Buoyant ocean carriers set to roll out peak season surcharges months early
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Ocean carriers are to cancel several headhaul sailings to North Europe around the Chinese New Year holiday next month.
It is a blow for beleaguered shippers that have managed, at great expense, to secure space on sailings that won’t happen.
2M partners Maersk and MSC intend to blank three advertised sailings from Asia to North Europe in weeks 5-7, including one vessel that will be allowed to ‘slide’ into the following week, maintaining existing bookings.
And Ocean Alliance member CMA CGM will also skip three loops during the same period.
MSC said the blankings were necessary “due to the slowdown in demand during CNY” as well as the “challenging congestion across the supply chain”.
Maersk advised its customers that the blankings were needed to “improve schedule reliability”, to “free up these services for schedule recovery measures” in response to “severe port congestion and equipment limitations”.
The blanked 2M sailings are: the Maersk Herrera on the AE55/Griffin loop, scheduled to sail from Shanghai on 11 February; the Maersk Enshi (AE6/Lion) due to depart Busan on 13 February; and the Estelle Maersk (AE7/Condor) due to leave Ningbo on 15 February.
A carrier source told The Loadstar he thought it was more to do with the 2M wanting to slow down an overheated supply chain and to ease the pressure on equipment and port congestion in North Europe.
“I can only speak for our ships, and they are fully booked right the way through the CNY,” said the contact. “Plus, there has been so much cargo rolled over recently that it can’t be a question of reduced demand, so my guess is that they want to get some sort of schedule back by cutting out the sailings.”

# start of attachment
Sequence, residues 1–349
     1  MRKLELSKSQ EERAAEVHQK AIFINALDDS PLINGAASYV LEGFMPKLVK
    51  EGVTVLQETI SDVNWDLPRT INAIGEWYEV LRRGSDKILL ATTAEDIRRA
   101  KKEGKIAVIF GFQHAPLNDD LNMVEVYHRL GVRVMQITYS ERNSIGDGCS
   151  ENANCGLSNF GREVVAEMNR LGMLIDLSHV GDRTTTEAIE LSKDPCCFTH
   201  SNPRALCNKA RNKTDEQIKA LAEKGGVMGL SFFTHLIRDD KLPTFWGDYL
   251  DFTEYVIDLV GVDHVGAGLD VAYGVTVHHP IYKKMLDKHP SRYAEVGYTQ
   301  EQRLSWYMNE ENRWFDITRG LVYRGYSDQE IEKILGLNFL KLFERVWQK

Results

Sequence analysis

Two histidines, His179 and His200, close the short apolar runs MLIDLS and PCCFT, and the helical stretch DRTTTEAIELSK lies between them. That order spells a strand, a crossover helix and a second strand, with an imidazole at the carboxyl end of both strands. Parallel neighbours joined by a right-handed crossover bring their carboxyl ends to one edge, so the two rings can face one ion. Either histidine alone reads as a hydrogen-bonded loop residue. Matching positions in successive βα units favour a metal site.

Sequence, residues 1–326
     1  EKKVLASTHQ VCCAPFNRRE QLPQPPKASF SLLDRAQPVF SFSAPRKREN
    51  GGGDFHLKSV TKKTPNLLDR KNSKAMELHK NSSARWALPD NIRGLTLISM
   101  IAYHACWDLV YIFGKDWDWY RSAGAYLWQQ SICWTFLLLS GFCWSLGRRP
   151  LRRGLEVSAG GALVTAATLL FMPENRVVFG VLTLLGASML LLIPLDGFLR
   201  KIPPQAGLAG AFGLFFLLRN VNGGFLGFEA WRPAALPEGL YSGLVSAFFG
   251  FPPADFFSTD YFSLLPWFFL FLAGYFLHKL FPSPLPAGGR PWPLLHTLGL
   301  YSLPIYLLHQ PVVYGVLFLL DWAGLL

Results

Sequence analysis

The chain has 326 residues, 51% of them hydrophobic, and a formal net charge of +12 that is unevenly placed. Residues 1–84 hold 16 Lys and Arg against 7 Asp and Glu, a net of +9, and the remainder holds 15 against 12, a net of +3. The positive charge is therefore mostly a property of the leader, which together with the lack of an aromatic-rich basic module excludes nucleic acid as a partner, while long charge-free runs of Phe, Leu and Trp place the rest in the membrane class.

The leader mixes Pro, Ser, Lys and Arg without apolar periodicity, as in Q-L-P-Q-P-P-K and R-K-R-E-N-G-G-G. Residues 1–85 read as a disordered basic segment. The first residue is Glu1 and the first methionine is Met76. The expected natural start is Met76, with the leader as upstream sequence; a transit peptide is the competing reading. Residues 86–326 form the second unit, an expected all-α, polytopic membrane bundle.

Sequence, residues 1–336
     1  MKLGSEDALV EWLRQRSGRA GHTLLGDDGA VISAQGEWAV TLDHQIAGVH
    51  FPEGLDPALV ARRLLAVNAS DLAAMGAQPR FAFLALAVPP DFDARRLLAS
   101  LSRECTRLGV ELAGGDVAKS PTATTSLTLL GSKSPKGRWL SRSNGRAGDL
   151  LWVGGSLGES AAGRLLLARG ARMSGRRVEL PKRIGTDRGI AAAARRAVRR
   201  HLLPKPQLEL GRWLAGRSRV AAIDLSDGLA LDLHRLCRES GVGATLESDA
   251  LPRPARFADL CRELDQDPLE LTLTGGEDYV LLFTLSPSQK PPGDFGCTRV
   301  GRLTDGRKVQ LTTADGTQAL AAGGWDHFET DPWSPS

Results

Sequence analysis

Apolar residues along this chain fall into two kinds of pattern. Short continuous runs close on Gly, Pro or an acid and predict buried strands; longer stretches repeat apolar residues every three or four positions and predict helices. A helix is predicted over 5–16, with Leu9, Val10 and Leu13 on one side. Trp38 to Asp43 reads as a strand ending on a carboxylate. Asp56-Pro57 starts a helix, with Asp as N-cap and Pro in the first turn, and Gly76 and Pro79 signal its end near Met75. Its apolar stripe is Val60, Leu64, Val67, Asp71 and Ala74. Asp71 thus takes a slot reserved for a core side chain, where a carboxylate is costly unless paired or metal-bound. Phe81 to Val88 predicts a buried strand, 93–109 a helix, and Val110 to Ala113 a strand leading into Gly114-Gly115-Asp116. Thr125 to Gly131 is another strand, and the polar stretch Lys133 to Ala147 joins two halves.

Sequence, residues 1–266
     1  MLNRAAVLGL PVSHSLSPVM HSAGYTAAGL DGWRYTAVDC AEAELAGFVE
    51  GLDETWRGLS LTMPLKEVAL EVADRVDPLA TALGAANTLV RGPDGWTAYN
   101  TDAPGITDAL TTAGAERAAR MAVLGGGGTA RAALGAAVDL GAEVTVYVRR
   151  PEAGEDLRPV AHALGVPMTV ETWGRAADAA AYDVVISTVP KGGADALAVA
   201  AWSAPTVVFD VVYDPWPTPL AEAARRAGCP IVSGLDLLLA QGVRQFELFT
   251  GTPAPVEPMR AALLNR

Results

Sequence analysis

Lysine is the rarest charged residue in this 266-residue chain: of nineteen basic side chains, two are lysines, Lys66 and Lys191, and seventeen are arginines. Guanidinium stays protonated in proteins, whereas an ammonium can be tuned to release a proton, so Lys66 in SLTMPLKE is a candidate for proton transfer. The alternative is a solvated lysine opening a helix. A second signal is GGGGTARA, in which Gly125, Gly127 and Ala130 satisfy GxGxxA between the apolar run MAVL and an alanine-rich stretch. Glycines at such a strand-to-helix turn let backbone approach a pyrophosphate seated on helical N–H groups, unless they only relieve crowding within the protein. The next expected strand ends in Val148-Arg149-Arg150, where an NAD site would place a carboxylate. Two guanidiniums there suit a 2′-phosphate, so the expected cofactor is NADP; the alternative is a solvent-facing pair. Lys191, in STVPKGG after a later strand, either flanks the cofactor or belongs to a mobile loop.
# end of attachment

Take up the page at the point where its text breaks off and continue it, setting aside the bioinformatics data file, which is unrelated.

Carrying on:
Indeed, Simon Sundboell, founder of liner database eeSea, told The Loadstar today schedule reliability on the route was “worse than we’ve seen in a long time”.
He added: “These blanks are necessary and required scheduling recovery measures, they’re not meant to take out capacity.”
Prior to the announcement of the blankings, Asia-North Europe shippers had been encouraged by news of new and additional services and tentative signs that the equipment shortage crisis was at last beginning to improve.
HMM is reported to have deployed an extra loader at the end of the month from Busan to Hamburg to cater for the cargo overflows of South Korean shippers after pressure from their government.
And shippers have told The Loadstar that Chinese regional carrier China United Lines is in advanced planning stages to launch a standalone service to North Europe, deploying a string of small feeder vessels.
Meanwhile, the acute equipment shortage crisis is easing, according to the latest survey by Container xChange. Its Container Availability Index (CAx) saw a considerable improvement this month for Shanghai, albeit after the record lows of December.
“With a growth of 37.5% for 40ft high-cubes, and even 200% for standard 40fts, in January, the CAx finally shows a positive trend for shippers and forwarders who are looking for equipment in Shanghai. With the vast increase we’re seeing in container availability, Shanghai is on its way back to normal levels,” said David Amezquita, head of data insights, who added that a similar picture was emerging across other main Chinese hubs.